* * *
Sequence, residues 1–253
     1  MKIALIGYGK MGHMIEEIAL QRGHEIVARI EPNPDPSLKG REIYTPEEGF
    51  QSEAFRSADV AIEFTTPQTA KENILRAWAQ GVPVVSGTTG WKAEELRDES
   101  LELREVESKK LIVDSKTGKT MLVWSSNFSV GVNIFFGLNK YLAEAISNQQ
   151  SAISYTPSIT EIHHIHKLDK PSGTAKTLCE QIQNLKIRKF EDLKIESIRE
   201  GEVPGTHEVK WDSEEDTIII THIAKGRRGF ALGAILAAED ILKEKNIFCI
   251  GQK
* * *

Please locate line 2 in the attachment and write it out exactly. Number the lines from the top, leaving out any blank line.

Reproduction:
     1  MKIALIGYGK MGHMIEEIAL QRGHEIVARI EPNPDPSLKG REIYTPEEGF